intestinal rotation

in·tes·ti·nal ro·ta·tion

rotation of the primitive intestinal loop around an axis formed by the superior mesenteric artery.
See: malrotation.
Farlex Partner Medical Dictionary © Farlex 2012
References in periodicals archive ?
Langer, "Intestinal rotation abnormalities and midgut volvulus," The Surgical Clinics of North America, vol.
The incidence of fetal volvulus is not described in the literature; however, symptomatic neonatal intestinal rotation has been estimated at 1 in 6000 [3].
Incomplete intestinal rotation and fixation is denominated malrotation and usually has a congenital etiology.
(1) After a sequence of events that occur between five and twelve weeks, the midgut, which is primarily involved in intestinal rotation around the axis of the SMA, settles in a normally orientated position: the duodenum crossing the midline and lying to the left and posterior of the SMA, with the caecum and ascending colon in the right abdominal gutter.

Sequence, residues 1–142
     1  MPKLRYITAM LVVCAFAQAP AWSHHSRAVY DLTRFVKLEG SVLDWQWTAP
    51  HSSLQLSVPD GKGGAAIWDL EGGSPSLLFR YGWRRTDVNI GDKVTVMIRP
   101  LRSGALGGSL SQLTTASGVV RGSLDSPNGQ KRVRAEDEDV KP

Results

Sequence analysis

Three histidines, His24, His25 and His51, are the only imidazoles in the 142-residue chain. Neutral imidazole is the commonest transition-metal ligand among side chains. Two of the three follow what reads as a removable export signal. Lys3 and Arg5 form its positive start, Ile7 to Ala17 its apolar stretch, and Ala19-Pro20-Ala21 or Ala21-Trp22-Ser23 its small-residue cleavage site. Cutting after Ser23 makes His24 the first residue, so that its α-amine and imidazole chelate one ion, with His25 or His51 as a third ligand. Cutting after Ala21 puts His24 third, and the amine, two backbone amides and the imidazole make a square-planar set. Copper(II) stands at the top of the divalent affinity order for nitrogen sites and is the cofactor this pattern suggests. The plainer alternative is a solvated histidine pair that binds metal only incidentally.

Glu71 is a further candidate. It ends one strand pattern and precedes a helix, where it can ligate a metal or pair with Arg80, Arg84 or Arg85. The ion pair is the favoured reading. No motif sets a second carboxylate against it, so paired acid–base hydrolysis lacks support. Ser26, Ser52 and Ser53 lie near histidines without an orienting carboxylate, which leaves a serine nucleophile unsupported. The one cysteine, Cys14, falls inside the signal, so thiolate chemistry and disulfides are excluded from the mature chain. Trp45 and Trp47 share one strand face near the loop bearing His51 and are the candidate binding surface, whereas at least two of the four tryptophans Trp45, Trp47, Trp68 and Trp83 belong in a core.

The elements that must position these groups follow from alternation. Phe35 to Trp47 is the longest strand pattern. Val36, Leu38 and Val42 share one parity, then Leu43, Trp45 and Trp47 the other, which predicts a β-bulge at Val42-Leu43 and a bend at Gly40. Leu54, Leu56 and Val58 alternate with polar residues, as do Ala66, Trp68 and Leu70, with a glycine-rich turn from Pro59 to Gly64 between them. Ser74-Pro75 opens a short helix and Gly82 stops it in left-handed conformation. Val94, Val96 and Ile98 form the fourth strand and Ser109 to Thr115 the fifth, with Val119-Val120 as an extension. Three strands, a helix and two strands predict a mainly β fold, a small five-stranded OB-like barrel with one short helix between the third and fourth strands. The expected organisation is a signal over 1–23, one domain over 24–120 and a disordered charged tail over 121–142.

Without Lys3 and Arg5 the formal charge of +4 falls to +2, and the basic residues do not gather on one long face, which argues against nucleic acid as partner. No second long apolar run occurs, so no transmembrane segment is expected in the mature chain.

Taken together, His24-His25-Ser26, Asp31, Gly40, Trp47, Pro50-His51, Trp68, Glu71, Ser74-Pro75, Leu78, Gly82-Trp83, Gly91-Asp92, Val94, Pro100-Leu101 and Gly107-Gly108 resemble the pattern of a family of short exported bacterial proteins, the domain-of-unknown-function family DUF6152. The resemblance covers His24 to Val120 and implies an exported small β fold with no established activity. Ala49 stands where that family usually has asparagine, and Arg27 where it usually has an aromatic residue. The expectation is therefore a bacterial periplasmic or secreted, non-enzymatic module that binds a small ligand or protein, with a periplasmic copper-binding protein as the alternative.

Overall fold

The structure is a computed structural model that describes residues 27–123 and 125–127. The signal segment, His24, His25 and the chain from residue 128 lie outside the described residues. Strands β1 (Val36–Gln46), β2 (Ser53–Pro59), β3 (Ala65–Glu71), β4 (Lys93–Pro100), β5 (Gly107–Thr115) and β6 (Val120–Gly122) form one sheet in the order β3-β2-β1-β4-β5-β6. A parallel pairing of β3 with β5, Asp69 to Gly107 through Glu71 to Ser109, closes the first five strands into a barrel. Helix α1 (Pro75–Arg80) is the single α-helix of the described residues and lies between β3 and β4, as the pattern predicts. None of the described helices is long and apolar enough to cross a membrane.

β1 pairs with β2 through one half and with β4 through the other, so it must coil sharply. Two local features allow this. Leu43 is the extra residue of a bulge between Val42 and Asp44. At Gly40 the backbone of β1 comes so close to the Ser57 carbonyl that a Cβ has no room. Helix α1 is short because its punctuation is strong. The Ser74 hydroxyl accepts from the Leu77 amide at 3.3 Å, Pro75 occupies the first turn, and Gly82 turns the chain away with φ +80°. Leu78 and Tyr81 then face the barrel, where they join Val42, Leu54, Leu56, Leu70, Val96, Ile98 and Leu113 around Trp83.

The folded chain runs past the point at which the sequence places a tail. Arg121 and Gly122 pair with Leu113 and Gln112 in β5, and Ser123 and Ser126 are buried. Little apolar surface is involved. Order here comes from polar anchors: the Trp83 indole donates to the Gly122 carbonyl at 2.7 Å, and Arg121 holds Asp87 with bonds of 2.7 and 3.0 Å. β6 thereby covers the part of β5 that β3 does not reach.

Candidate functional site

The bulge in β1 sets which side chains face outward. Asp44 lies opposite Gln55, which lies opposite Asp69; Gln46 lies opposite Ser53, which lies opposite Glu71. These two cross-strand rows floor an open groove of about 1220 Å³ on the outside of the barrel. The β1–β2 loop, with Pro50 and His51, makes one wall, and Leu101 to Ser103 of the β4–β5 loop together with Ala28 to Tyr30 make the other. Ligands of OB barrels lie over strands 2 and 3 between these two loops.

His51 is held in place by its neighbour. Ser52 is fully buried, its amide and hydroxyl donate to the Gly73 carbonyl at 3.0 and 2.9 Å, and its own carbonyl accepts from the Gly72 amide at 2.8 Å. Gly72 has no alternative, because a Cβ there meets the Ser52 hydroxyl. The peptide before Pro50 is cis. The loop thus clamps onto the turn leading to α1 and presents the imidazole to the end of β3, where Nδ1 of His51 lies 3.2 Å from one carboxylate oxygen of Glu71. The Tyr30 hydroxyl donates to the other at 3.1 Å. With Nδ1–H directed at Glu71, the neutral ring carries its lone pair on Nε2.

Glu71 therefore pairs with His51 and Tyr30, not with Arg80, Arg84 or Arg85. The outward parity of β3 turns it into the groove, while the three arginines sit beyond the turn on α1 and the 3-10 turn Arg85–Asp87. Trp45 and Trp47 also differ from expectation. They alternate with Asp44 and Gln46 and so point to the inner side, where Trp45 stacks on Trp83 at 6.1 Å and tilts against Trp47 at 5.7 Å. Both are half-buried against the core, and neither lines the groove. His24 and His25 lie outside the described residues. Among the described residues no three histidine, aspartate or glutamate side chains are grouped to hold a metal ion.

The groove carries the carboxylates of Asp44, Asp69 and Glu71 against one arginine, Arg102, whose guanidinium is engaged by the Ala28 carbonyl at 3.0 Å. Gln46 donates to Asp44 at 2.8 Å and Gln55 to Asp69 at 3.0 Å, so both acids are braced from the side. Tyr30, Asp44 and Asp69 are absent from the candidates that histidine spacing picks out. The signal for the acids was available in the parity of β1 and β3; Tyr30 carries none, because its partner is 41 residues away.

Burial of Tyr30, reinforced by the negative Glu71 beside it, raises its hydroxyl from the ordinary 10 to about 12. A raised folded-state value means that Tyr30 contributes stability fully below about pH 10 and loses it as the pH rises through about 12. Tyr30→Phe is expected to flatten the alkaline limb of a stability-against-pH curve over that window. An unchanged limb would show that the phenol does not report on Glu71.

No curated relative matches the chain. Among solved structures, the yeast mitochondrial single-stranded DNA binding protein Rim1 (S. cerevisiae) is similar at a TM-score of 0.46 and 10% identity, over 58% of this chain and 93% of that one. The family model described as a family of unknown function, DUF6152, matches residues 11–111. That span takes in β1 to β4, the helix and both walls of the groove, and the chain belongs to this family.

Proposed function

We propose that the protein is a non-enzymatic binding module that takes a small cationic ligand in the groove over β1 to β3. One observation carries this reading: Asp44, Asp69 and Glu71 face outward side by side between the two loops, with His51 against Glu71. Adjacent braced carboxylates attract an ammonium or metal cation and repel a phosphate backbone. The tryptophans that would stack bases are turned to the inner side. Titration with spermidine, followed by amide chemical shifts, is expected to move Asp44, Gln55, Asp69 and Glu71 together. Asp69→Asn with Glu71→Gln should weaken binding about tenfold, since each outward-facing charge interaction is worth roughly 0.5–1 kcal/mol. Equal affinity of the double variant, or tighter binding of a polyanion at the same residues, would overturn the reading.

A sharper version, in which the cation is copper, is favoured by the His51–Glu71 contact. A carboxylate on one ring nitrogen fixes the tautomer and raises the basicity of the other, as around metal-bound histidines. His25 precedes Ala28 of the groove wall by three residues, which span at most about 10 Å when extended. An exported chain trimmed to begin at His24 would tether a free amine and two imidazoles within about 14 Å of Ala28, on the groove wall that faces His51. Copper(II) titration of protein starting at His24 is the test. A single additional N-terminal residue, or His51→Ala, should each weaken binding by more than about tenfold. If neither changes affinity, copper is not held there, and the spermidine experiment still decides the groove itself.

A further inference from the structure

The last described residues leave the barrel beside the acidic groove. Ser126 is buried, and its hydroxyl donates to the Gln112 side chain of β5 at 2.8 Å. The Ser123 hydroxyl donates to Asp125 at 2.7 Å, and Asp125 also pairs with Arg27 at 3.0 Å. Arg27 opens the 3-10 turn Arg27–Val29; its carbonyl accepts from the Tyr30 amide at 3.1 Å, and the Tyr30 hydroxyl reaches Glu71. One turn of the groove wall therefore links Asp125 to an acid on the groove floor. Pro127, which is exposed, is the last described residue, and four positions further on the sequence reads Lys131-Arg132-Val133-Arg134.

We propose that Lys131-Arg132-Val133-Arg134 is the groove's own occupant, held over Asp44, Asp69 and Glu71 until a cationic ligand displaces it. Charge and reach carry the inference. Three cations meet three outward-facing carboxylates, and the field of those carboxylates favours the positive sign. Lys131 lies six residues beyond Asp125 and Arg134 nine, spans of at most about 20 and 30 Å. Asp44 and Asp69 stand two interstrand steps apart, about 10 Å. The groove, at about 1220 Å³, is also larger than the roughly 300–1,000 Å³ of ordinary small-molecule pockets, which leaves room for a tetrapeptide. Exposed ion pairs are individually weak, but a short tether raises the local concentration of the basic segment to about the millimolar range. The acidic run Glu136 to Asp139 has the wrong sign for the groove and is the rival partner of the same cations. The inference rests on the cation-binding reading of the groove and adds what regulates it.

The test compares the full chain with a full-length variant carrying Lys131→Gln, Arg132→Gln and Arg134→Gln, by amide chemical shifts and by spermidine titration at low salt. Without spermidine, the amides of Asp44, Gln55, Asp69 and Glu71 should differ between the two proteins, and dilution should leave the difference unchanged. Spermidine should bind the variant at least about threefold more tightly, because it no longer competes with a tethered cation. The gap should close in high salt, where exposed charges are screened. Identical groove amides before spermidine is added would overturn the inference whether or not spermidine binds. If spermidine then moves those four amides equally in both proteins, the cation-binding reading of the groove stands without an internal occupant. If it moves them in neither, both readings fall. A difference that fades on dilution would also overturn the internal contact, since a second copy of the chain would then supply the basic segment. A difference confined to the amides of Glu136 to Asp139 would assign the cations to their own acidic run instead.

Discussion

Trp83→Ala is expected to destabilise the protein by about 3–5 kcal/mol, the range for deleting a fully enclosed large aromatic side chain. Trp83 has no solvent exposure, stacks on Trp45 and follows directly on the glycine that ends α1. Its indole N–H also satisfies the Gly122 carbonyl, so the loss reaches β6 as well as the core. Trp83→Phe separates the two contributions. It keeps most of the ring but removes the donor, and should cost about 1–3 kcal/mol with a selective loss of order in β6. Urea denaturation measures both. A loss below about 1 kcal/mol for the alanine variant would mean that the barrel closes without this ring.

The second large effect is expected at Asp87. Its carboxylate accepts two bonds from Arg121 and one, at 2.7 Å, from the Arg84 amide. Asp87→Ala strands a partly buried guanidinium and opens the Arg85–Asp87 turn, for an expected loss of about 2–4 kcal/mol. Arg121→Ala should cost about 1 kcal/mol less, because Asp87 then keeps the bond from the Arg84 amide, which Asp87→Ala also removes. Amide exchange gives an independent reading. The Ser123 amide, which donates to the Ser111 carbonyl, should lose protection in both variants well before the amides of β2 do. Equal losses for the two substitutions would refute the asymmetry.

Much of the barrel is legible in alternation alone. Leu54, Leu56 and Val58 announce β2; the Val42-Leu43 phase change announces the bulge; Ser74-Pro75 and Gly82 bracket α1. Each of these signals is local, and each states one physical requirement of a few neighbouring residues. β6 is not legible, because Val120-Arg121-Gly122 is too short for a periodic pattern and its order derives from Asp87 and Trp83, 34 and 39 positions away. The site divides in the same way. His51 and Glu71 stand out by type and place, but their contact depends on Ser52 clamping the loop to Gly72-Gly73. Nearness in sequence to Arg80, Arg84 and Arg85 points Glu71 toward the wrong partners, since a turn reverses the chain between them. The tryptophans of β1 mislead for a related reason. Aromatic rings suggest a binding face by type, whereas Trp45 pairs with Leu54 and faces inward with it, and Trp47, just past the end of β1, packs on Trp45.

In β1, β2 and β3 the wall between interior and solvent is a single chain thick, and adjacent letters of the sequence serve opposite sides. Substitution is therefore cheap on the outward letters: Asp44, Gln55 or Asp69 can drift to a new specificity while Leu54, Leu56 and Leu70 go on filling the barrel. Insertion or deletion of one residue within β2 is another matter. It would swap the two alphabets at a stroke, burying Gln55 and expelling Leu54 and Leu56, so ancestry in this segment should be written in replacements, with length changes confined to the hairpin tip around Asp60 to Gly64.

Disorders of intestinal rotation and fixation ("malrotation").
In the absence of either of these abnormalities, there is the possibility of incomplete intestinal rotation, whereby at the end of embryonic intestinal development, the right colonic mesentery is incompletely fixed to the retroperitoneal structures.
(4.) Strouse PJ: Disorders of intestinal rotation and fixation ("malrotation").
DISCUSSION: These hernias are the result of alterations in the normal process of intestinal rotation during embryonic development.
Predisposition to torsion results from deficient cecal peritoneal fixation secondary to incomplete intestinal rotation (1) associated with an aggravating factor.
Anomalies of intestinal rotation in childhood: analysis of 447 cases.

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